RICHMOND, Va. A federal appeals court yesterday barred a Virginia school district from enforcing a dress code prohibiting students from wearing clothing that depicts weapons.
The National Rifle Association had challenged Albemarle County schools on behalf of a student who was ordered to turn his NRA T-shirt inside-out because administrators feared it could encourage violence. The shirt bears silhouettes of gunmen and the words "NRA Sports Shooting Camp."
A three-judge panel of the 4th U.S. Circuit Court of Appeals ruled that a judge erred in refusing to halt enforcement of the policy challenged by 13-year-old Alan Newsom while his First Amendment lawsuit is pending. The panel said the Jack Jouett Middle School dress code is too broad and is likely to be found unconstitutional.
Albemarle schools failed to show that Newsom's shirt or any other article of clothing worn by a student and depicting weapons caused any disturbance, the panel noted.
"This lack of evidence strongly suggests that the ban on messages related to weapons was not necessary to maintain order and discipline at Jouett," Judge Clyde H. Hamilton wrote in the unanimous opinion.
The panel said the policy is so broad that it could prohibit clothing displaying the Virginia state seal, which depicts a woman armed with a spear standing with one foot on the chest of a vanquished tyrant. It also could cover the musket-toting Pioneer mascot of neighboring Albemarle County High School and the crossed-sabers logo of the University of Virginia's athletic teams, the court said.
"It's been our contention that the school's dress code would not be applied in such a broad fashion as to prohibit those types of symbols," said Mark Trank, the deputy county attorney.
The school's dress code did not expressly prohibit images of weapons when Alan, an NRA member, was told to turn the shirt inside-out in April 2002.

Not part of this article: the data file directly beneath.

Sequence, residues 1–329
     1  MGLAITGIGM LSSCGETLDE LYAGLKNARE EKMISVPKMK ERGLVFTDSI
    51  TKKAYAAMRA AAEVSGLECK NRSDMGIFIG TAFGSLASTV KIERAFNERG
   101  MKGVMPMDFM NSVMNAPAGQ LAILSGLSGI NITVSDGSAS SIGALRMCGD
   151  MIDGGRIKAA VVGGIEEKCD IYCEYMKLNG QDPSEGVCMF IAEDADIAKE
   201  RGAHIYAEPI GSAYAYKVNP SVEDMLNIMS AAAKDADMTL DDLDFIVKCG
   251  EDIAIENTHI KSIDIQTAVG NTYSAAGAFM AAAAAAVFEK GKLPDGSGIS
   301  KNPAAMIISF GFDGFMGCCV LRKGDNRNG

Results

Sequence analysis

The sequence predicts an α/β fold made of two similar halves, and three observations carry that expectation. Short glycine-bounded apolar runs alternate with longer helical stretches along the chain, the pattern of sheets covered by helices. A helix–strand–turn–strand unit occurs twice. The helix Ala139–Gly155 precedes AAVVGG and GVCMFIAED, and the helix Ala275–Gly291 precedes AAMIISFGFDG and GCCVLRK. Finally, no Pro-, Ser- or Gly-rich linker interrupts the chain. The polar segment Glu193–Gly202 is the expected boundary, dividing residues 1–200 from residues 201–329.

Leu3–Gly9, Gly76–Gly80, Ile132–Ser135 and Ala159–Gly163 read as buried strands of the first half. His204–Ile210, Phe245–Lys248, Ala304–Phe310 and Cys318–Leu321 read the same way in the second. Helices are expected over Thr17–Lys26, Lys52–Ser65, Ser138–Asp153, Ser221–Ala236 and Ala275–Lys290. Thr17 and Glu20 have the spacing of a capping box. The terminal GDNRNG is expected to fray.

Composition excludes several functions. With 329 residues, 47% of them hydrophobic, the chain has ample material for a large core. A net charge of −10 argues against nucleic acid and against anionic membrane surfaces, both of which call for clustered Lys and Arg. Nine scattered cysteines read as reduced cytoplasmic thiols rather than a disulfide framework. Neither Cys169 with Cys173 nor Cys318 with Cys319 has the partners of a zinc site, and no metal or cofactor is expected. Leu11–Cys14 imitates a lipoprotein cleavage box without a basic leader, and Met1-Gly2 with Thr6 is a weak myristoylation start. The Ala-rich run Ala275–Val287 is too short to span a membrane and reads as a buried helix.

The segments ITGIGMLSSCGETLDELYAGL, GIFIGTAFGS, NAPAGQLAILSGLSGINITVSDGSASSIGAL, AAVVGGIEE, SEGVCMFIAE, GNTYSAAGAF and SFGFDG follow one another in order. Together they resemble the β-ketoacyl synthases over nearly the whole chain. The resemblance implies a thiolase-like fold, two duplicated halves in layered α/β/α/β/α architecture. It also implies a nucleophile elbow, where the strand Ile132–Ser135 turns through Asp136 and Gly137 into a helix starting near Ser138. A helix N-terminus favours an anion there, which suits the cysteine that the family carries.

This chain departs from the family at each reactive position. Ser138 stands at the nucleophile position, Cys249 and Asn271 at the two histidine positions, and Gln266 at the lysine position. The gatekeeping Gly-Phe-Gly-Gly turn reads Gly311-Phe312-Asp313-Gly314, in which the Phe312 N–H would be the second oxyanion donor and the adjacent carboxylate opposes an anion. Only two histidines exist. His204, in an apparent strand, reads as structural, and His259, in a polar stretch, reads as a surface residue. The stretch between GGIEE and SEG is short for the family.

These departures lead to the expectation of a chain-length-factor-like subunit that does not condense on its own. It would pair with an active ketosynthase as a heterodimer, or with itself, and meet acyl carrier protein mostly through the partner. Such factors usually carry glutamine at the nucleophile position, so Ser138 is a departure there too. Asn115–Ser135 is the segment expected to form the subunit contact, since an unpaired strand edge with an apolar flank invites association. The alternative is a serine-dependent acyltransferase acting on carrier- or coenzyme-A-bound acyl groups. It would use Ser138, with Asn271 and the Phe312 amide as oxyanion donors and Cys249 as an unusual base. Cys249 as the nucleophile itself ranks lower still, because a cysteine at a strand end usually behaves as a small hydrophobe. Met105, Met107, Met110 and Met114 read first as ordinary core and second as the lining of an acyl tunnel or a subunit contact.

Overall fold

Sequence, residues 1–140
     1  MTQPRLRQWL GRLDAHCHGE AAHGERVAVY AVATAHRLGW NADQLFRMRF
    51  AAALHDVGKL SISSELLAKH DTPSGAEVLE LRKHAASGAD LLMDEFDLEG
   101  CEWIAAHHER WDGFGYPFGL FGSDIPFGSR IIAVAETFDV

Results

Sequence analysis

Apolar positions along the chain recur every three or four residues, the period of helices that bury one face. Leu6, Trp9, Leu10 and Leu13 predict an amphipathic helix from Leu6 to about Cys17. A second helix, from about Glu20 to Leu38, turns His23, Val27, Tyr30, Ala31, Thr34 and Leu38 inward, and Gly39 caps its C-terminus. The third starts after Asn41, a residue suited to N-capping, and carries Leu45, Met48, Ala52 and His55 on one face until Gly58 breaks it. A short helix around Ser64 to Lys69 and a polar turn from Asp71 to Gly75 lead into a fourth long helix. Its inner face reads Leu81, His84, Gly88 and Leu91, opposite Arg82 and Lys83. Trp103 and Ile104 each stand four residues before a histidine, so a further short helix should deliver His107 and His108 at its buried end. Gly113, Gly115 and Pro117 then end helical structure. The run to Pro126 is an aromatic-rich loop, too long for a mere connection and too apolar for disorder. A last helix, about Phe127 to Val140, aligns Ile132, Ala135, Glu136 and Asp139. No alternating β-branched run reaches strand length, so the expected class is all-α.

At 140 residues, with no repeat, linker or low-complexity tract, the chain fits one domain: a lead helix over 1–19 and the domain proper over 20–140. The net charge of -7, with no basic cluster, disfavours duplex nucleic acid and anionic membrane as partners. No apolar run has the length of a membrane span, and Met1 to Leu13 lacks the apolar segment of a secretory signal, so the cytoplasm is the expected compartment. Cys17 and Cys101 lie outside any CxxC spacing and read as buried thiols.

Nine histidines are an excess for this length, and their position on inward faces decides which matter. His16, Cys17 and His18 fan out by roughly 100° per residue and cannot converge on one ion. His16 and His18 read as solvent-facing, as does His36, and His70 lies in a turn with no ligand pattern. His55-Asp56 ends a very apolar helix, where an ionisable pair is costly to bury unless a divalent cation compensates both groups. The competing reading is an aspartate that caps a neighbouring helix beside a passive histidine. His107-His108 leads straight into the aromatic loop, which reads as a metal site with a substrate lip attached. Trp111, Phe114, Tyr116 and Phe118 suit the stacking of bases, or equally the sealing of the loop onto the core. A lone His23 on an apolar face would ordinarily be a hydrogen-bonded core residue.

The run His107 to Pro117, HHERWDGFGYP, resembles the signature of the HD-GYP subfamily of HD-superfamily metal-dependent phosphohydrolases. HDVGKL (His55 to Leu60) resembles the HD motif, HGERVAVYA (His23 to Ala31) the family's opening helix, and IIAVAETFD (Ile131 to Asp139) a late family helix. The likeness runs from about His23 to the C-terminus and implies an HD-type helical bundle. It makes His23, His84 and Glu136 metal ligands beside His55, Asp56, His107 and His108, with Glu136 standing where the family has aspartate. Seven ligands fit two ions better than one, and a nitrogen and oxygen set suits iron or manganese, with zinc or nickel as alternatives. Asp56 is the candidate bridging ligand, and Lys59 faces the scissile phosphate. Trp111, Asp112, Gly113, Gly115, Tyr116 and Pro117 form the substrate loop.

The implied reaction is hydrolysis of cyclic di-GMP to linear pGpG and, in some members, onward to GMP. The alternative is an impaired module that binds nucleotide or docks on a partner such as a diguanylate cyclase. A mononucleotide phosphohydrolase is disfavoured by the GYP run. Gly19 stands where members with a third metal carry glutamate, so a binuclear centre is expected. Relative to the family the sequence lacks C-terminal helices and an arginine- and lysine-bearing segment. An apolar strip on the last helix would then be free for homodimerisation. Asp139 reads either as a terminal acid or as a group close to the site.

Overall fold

"It made me mad," Alan said in a telephone interview after the appeals panel issued its ruling. "I like target shooting. It's in no way violent and they're trying to tell me it is."
The policy was amended to cover weapons before the following school year.
"Alan has a sport that he enjoys and he was singled out and made to feel like he was doing something wrong when he wasn't," said the teenager's father, Fred Newsom. "They made him feel ashamed of his sport of choice."
Albemarle school officials referred calls to Trank, who said he had not had time to thoroughly read the 4th Circuit opinion.
Fred Newsom said that after school officials told Alan he couldn't wear the NRA shirt, the boy contacted the organization to find out how many other schools have similar policies. The NRA legal department responded with an offer to sue on his behalf.
"Our position has been that this was political correctness run amok, and I think the court recognized that," NRA lawyer Dan Zavadil said.
Virginia Attorney General Jerry Kilgore took the unusual position of opposing a political subdivision of the state, filing a friend-of-the-court brief supporting the NRA and the Newsoms.
"We're very pleased that the 4th Circuit has recognized a law-abiding student's right to express himself in a way that is nondisruptive and nonoffensive," said Kilgore spokesman Tim Murtaugh.
In denying the preliminary injunction, U.S. District Judge Norman K. Moon declared that the Newsoms were unlikely to win their lawsuit and that Alan would not suffer "irreparable harm" by not being allowed to wear the T-shirt.
The appeals panel disagreed on both counts, ruling that Newsom "has demonstrated a strong likelihood of success on the merits."
Also, the U.S. Supreme Court "has explained that 'loss of First Amendment freedoms, for even minimal periods of time, unquestionably constitutes irreparable injury,'" Hamilton wrote.